Reaction banner

News from the REACTION project

Stay abreast with developments in closed-loop diabetes monitoring


Issue #3 - published by the REACTION project - August, 2011

space space

Supporting glycaemic control of patients with diabetes type 2 in hospital


A mobile glucose management system prototype has been designed by REACTION partners MUG, MSG and FORTH to support continuous glycaemic control of admitted patients with diabetes. The overall aim is to reduce the mortality and morbidity rate related to in-hospital hyperglycaemia.

Glycaemic control in the hospital of acutely ill patients with diabetes is often considered secondary in importance. However, studies demonstrate that in-hospital hyperglycaemia has been found to be an important marker of poor clinical outcome and mortality among diabetic patients and that intensive treatment of diabetes and hyperglycaemia shows positive results in terms of reduced mortality and morbidity. For this reason, patients suffering from diabetes require continuous glycaemic control during hospital stays including close monitoring of blood glucose and determination of suitable treatment strategies.

The main screen of the patient glucose management system on a tablet PC which the nurse or physician can carry around To support glycaemic control, REACTION partners MUG, MSG and FORTH have designed a first stage in-hospital glucose management system in close collaboration with clinical users. The result is an android-based mobile client/server application which visualises the most important measurement and insulin administration parameters and advises on the needed insulin dosage of the patient. The system is accessed through a touch screen tablet PC for easy use for nurses and clinicians at patient beds.

Measuring blood glucose, adjusting therapy and administering insulin

On a tablet PC the hospital staff can immediately access important patient data; where the patient is located, the date of admission to hospital and information about the current treatment and prescribed medication. Via the function Blood Glucose Measurement it is possible to retrieve the blood glucose value directly from the Laboratory Information System and document the measured values in the glucose management system. Physicians approve the current therapy for the patient (e.g. insulin medication, current insulin dosage, hypoglycaemia borders) using the function Therapy Adjustment. Finally, in Insulin Administration, the decision support protocol for insulin dosing suggests the needed insulin dosage of the patient based on the measured blood glucose values and food intake. No data is stored on the mobile unit, but on the backend server which also interfaces the Hospital Information System and ensures the calculations for decision support.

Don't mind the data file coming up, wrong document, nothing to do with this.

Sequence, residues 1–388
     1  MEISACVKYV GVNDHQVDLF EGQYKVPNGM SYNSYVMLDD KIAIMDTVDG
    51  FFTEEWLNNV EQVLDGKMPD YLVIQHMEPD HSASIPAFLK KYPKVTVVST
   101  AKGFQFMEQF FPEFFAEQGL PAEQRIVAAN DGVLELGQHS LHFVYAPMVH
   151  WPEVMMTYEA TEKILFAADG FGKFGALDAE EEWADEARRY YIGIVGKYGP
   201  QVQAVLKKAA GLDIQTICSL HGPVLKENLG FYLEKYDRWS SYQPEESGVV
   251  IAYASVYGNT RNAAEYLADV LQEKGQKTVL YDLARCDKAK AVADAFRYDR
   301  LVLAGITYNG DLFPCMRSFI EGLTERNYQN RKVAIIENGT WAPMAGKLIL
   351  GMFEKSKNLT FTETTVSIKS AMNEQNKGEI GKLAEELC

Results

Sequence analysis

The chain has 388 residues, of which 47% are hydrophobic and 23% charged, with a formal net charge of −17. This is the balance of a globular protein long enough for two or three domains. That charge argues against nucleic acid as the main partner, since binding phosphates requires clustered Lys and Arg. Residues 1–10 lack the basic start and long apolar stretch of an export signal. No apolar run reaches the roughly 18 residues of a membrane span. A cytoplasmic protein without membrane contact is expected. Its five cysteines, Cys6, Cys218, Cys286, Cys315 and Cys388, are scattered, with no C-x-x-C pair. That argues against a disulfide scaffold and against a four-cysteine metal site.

Different points of view concerning software

In designing the application for medical use, the challenge has been to consider a number of complex factors such as workflow requirements, usability, glucose control protocols and clinical safety. To understand the workflow and requirements, it was necessary to involve clinicians and the environment in which they work. For this purpose, a team of physicians, nurses and engineers from the Medical University of Graz, as well as engineers from the Institute of Medical Technologies and Health Management (MSG) at Joanneum Research, was established to develop the user interface design and the functionalities of the system. This proved to be a challenge since expectations to software differed considerably.

- The experiences through the iteration steps show that clinicians and engineers have very different points of view concerning software. While engineers often focus on gathering as much functionality as possible, clinicians prefer software which offers only the required base functionality but a sophisticated user interface, tailored to current workflow patterns, explains Stephan Spat, Researcher at MSG.

- A problem which has been encountered during the requirement analysis is that endusers often do not know what specific functions should be provided by a software solution. As a consequence, a paper mock-up which simulated the full system functionality on a mobile device was used as a trigger to give clinicians a preliminary idea as to how an in-hospital glucose management system, including a computerised decision support, could look, says Stephan Spat.

Through several steps of conceptualising, designing and testing, the results were integrated into an intuitive software system based on essential, but user-tailored functionalities.

The question of safety and privacy